Johnston Press has begun the second phase of its newspaper relaunch project.
Twelve titles will relaunch this week with a further 32 adopting the new designs throughout October. The second phase follows an initial relaunch in May when 23 titles, including five daily newspapers which became weekly and another five which changed from broadsheet to tabloid, adopted new designs created by an international agency.
Advertising revenue and circulation revenue has improved at those titles and it has been decided the introduction of new technology for journalists will be linked to the ongoing relaunch schedule.
Chief executive officer Ashley Highfield said: “We received lots of feedback from readers of our Phase One titles – a lot of it good and some of it not so good as we would have expected – and that has informed our approach to Phase Two. We are trying different types of marketing and sales promotions and introducing further improvements to content.
“We expect to undertake further research during this second phase before looking to complete the rest of our relaunch programme.”
Ed Asquith, editorial director of Yorkshire Regional Newspapers and editor of The Scarborough News, which changed publishing format four months ago, said the relaunch had proved successful for his title.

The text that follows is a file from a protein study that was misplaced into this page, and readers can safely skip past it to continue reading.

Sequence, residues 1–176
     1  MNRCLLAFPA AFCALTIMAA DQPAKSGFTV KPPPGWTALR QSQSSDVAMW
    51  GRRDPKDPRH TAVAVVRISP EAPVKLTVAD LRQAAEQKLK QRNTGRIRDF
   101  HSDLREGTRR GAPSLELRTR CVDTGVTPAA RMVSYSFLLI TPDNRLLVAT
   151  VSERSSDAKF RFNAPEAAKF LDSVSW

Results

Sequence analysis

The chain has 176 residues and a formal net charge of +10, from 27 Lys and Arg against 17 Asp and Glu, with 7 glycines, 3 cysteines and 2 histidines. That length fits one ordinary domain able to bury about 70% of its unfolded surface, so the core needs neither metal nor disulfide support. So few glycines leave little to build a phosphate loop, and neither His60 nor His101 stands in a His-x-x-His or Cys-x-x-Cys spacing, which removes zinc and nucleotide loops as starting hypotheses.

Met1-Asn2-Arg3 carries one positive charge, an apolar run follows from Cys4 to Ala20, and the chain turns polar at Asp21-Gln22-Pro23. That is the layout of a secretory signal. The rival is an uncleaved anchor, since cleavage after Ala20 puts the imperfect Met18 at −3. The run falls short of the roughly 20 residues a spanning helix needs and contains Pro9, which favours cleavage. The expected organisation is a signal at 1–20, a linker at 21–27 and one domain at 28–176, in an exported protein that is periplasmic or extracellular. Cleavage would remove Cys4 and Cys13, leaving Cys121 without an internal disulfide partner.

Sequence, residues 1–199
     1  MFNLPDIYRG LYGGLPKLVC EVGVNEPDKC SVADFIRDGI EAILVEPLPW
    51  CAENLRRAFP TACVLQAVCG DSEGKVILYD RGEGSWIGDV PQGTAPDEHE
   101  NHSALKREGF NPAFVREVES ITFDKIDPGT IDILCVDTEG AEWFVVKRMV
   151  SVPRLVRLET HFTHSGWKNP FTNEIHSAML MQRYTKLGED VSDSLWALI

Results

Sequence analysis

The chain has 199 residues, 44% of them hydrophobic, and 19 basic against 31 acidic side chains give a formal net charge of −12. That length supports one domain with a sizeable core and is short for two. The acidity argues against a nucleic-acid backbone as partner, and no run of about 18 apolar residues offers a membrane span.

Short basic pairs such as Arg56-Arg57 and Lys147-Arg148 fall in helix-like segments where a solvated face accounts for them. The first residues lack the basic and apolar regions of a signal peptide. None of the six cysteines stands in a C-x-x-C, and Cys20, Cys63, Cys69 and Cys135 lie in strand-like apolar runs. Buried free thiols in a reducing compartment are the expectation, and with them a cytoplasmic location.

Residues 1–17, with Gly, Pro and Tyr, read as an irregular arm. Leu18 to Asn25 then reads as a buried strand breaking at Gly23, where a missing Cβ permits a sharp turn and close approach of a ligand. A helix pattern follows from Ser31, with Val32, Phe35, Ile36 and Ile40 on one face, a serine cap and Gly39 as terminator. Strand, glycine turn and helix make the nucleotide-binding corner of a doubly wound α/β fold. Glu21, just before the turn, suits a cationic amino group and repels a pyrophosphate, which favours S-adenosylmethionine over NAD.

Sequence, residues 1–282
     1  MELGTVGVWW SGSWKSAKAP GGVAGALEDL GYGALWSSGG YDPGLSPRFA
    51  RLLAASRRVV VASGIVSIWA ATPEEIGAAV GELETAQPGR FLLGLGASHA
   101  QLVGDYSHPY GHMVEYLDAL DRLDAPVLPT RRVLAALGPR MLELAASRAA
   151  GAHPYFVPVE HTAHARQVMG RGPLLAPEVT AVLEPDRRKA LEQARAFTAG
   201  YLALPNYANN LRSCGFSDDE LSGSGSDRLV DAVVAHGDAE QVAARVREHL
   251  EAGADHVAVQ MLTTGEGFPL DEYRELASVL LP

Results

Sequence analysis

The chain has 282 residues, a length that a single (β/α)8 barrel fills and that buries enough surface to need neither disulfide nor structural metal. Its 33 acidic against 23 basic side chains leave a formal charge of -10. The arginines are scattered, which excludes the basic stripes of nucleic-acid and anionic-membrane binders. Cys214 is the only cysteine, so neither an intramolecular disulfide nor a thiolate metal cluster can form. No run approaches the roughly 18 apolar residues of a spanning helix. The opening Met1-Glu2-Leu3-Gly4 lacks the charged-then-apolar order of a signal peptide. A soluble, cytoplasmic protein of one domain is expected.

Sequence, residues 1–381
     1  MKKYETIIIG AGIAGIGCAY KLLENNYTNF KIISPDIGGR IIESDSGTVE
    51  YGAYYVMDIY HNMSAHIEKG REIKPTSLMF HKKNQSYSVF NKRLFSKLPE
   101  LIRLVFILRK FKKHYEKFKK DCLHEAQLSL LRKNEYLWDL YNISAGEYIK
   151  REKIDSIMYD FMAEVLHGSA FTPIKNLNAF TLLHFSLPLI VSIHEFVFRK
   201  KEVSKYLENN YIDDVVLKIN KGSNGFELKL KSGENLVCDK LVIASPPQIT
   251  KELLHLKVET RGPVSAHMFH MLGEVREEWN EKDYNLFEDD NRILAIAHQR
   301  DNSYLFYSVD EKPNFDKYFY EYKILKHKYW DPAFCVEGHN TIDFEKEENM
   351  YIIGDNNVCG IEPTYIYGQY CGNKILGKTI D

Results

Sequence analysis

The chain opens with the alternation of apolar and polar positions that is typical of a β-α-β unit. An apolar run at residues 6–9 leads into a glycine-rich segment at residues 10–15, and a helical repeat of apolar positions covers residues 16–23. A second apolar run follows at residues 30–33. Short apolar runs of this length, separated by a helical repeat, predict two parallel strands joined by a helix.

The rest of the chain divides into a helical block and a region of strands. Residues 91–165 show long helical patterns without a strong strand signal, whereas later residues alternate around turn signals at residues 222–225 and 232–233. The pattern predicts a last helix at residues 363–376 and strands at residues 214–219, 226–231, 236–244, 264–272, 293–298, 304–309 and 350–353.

He said: “For a newspaper that was almost 150 years old, the transition required a well-considered strategy. It has to be said that it was a leap of faith but the outcome has been so positive. That is partly down to the fact that we engaged the public from the beginning. We gave talks to the public, spending days at the main shopping centre, and I spoke to many business people in the town. But it is also because we ensured, with the help of a number of other people, that we got the tone, the projection and the content mix right. In addition to the look of the title, the effort spent on the content has also ensured that our sales figures are exceptionally high.”
Keith Ridley, editor-in-chief of the East Sussex titles based in Eastbourne and Hastings, whose papers relaunch on Friday, October 5, said the feedback from the Phase One relaunches had been invaluable.
“We have very strong communities and a loyal readership, and we have been careful to strike a balance between the new and the old. These relaunches are about evolution and not revolution.
“We have a smart new look and a lot of new content. But we will continue to evolve over the coming months. We want to attract a new audience without alienating those who already enjoy us.”
The remainder of the company’s titles undergoing relaunch are expected to move to the new designs starting in early 2013.